When it comes to communication devices, people simply prefer using the phone.
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The promise of Web self-help is low-cost customer support. Despite the recent fanfare regarding online service, some industry experts are now suggesting that companies bring customer support back to the telephone.
"Today, 85 percent of customer communication is still done via telephone, which includes both IVR and live agent interaction," says Elizabeth Herrell, an analyst at Forrester Research.
When it comes to communication devices, people simply prefer using the phone, Herrell says. Cell phone usage has skyrocketed, so "call centers need to communicate with people the way they want to communicate," she says. As a result, phone support won't go away.
In fact, there is another type of phone support for routine transactions that is taking off: automated voice support. Like Web self-service, it is a low-cost option. According to Forrester Research, the cost-per-call for a CSR is $5 and higher, whereas automated voice services cost less than 50 cents per call.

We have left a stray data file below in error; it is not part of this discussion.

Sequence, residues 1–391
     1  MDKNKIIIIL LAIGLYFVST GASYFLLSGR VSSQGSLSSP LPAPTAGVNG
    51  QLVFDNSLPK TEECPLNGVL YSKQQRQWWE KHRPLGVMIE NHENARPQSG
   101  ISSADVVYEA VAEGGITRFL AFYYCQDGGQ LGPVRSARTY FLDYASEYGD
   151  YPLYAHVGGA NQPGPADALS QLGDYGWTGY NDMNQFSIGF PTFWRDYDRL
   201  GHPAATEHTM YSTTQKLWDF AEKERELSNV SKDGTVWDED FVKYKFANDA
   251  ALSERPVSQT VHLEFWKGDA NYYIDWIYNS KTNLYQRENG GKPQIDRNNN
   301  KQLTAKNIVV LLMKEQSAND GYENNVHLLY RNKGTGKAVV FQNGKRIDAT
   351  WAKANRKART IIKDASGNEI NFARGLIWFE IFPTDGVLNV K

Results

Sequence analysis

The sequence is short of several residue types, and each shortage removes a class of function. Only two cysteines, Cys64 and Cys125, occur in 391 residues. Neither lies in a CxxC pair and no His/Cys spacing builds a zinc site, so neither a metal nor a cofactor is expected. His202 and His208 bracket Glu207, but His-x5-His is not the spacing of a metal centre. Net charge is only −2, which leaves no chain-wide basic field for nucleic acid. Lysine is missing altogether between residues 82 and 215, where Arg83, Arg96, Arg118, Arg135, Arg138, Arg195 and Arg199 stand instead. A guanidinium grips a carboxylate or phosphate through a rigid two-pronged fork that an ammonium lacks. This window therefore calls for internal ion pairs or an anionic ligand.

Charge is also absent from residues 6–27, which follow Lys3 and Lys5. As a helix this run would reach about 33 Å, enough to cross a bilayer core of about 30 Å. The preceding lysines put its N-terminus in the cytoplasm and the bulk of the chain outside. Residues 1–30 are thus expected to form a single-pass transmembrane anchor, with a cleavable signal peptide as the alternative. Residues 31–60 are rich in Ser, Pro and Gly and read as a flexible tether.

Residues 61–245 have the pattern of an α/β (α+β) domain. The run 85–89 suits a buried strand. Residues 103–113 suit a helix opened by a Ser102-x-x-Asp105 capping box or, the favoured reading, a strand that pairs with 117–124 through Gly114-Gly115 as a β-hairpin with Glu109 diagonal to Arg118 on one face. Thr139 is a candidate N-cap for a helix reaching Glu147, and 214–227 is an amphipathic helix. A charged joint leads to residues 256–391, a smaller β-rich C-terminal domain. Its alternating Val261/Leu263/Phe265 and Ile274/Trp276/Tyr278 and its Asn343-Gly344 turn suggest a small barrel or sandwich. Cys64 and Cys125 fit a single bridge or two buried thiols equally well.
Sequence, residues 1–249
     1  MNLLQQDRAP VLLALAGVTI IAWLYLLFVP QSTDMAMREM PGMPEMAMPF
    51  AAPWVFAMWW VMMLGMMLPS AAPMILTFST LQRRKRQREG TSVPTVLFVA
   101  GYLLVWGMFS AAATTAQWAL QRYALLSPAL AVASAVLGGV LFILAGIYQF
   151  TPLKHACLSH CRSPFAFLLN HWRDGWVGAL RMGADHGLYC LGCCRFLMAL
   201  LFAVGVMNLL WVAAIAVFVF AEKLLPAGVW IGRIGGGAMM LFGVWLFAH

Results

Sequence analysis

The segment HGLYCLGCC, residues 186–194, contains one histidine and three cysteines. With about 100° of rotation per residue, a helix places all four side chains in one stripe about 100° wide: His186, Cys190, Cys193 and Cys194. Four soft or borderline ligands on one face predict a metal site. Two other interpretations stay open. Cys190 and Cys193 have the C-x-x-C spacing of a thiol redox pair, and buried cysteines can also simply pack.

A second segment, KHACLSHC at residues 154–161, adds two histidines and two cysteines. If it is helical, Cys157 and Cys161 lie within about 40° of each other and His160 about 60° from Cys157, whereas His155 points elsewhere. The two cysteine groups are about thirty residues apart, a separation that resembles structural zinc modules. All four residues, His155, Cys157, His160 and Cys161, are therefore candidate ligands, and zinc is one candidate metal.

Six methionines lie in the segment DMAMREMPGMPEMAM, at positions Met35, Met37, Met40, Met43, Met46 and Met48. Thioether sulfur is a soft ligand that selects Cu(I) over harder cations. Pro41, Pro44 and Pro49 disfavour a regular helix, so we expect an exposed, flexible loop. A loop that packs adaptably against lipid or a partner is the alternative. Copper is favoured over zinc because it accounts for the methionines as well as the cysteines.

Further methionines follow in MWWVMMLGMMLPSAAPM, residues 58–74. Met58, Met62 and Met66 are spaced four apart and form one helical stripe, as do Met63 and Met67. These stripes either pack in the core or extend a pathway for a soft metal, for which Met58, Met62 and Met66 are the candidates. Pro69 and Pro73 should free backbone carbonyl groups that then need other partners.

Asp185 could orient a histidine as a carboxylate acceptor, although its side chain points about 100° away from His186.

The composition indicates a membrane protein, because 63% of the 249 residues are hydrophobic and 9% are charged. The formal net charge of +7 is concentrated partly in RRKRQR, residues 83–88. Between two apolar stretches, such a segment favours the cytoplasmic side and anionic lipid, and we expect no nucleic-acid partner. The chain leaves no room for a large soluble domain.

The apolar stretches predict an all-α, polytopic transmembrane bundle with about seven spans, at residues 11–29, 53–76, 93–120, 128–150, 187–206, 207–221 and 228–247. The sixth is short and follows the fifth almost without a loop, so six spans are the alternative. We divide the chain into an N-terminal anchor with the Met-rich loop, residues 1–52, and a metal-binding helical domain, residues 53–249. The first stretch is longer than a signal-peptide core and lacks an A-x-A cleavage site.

According to Herrell, many customers find voice applications easy to use and to navigate, because the voice browser operates like a Web browser: Callers respond to prompts from speech-recognition software. Herrell says this is good news for outsourcers, because they can still charge per voice transaction while their costs go down.
Companies spent roughly $600 million on voice-automated solutions sold last year. Forrester says sales will jump to $2.7 billion in 2007. According to Herrell, the companies leading the charge in automatic speech recognition are Nuance and Speechworks International (recently acquired by ScanSoft).
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